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Russia in the Middle East

Sep 18,2017 - Last updated at Sep 18,2017

Over the last few years, the Middle East started to witness the presence of new political protagonists: Russia, a very strong, evident player, Germany, a strong but latent player, and China, a strong economic power.

Russia has played a role in most of the major issues in the Middle East. Since its intervention in the Syrian crisis, analysts have incorrectly predicted Russia’s next move due to an apparent misinterpretation of its motives. 

Many reported that Russia’s support for Syria was limited and unreliable. And yet, Russia has successfully engaged in the region and over recent years has proved reliable to its allies. Now, as Russia has become central to everything, from regional security to the peace process, regional countries must change their approach and recognise its influence and importance.

Russian diplomacy has been instrumental to creating the potential for an end to the Syrian crisis.

Critical to the shift in the situation in Syria were also Turkey’s, the US’, Jordan’s and Saudi Arabia’s changes of stands. It was Russia’s diplomacy that determined each of these countries to shift their position.

There is now a unified effort to fight terrorism, and it is this unity that is opening political channels and building alliance.

Due to its success in Syria, Russia’s influence in the region is spreading. Russia is now allied with both Israel and Syria. Logically, that could place it in the position of mediator, and this could lead to greater support from Jordan, Egypt and the Palestinian Authority for Russia to play a role in the peace process.

Russia would create a political equilibrium since the White House instinctively backs Israel.

Russia also has long-standing good relations with Iran as well as a positive, and growing, engagement with the Gulf countries. These relations could very well help Russia play a central role in reconciling rival forces on Yemen and potentially even Qatar.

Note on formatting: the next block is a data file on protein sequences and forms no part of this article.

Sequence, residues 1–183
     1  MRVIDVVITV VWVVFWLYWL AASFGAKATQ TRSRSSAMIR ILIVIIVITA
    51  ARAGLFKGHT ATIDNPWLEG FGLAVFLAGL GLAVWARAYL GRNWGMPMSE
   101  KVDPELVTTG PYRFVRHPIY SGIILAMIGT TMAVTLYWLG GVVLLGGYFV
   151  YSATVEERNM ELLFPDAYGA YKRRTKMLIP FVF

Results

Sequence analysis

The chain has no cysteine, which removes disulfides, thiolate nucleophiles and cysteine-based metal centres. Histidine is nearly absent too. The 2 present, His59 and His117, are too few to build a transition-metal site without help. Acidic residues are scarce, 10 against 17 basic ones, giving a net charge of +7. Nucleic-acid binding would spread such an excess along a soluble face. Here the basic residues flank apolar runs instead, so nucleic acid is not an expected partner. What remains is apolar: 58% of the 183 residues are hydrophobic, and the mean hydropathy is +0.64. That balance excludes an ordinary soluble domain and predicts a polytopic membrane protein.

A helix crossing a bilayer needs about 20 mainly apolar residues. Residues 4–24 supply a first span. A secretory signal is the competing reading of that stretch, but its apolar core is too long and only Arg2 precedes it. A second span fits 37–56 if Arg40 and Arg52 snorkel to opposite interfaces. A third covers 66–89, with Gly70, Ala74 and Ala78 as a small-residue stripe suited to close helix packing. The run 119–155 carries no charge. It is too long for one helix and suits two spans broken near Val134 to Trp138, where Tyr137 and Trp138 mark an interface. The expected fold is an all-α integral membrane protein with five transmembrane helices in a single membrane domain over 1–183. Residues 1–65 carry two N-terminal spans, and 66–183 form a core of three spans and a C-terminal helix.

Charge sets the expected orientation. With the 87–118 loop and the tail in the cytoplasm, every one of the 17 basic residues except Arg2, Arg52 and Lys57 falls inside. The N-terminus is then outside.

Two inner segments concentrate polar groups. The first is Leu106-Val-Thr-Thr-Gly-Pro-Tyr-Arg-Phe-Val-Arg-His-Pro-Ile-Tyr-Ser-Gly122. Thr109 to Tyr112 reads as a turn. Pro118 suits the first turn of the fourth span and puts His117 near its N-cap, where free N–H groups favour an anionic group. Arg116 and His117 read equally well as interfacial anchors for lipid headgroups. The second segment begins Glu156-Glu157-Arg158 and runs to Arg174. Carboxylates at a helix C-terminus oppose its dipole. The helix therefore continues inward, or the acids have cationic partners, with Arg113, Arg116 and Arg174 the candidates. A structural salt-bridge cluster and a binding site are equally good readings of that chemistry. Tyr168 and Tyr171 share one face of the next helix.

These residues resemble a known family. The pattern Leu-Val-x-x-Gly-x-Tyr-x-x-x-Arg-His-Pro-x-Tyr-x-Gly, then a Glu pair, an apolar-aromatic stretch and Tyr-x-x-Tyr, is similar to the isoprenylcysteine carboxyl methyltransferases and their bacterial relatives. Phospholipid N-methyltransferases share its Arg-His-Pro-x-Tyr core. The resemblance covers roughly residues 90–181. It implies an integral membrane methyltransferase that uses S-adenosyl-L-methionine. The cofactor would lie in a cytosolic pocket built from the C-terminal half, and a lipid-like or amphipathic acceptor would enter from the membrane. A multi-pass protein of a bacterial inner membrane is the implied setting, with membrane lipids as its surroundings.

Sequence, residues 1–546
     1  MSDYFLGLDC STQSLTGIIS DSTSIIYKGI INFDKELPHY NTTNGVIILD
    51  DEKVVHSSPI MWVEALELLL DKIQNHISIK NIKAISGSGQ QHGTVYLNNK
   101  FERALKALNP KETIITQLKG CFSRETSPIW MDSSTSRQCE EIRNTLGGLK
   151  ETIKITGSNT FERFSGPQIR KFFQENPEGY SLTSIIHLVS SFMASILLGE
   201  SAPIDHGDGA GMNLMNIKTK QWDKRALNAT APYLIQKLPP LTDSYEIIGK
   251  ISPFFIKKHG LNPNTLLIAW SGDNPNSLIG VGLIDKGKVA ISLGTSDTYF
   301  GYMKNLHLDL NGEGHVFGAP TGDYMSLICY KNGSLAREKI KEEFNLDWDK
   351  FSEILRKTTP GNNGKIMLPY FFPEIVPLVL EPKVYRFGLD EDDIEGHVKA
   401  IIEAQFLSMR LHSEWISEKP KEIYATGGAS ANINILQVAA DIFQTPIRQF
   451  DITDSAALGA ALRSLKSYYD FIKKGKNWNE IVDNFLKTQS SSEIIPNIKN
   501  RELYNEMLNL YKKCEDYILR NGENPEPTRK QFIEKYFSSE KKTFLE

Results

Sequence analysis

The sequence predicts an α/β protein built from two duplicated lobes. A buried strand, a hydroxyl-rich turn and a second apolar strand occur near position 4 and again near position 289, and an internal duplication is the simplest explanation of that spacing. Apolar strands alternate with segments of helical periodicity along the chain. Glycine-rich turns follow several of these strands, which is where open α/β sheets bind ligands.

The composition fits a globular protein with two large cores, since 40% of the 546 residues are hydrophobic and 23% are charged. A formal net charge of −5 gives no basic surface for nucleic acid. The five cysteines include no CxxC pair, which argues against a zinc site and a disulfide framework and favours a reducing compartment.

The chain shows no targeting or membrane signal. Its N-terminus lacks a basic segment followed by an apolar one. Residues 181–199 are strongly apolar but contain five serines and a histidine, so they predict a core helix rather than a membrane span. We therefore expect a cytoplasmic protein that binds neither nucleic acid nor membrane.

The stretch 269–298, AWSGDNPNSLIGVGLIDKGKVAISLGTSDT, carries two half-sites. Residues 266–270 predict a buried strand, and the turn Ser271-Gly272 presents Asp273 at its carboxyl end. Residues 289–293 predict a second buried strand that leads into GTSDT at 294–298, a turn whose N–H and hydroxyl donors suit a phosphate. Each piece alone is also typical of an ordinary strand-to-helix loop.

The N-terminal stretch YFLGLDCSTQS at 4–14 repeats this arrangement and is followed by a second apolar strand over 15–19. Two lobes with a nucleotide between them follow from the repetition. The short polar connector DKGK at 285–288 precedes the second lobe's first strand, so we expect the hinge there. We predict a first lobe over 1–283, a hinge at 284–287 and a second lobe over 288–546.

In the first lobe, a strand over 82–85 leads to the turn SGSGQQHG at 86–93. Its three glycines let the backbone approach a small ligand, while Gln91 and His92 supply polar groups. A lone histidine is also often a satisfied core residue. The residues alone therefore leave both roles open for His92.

Foreign Minister Sergey Lavrov visited the Gulf countries several times recently, which suggests that while Syria may be Moscow’s priority at the moment, it is taking the opportunity to broaden friendships and importance in the region.

Regional geopolitics are fluid and dynamic, witnessing new protagonists and shifting alliances.

Russia’s presence and influence in the region is unlikely to remain limited to Syria; rather, it could mark the beginning of a long-term presence in the region.

 

 

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EXCELLENT ARTICLE AND THE WRITER IS RIGHT ON THE POINT WHICH SHOULD REMIND US ALL THAT IT MAY BE COUNTER PRODUCTIVE FOR ANY COUNTRY TO HAVE ALL THEIR EGGS IN ONE BASKET. AS MUCH AS I HATE ANY FORM OF FOREIGN INTERVENTION, WE SHOULD ALL GIVE CREDIT WHERE ONE IS DUE. SERIOUSLY SPEAKING, IF IT WAS NOT FOR RUSSIA, THAT REGION WOULD HAVE BEEN ON FIRE NOW WITH MULTIPLE BATTLE FRONTS, ANARCHY AND CHAOS. FORGET ALL ABOUT ALL THE BS AND TAKE A LEASON FROM THE ACTIONS OF SYMPATHETIC VS PARASYMPATHETIC NERVOUS SYSTEMS. THE DOMINANCE OF ANY OF THESE TWO SYSTEMS ALWAYS RESULTS IN DEATH AND DISABILITY. FOR THOSE WHO WERE BETTING ON THE WRONG HORSES AT THE EARLY PHASE OF THE SYRIAN CRISIS, IT TIME TO DEPROGRAM AND REPROGRAM THEIR FOREIGN POLICY APPARATUS.

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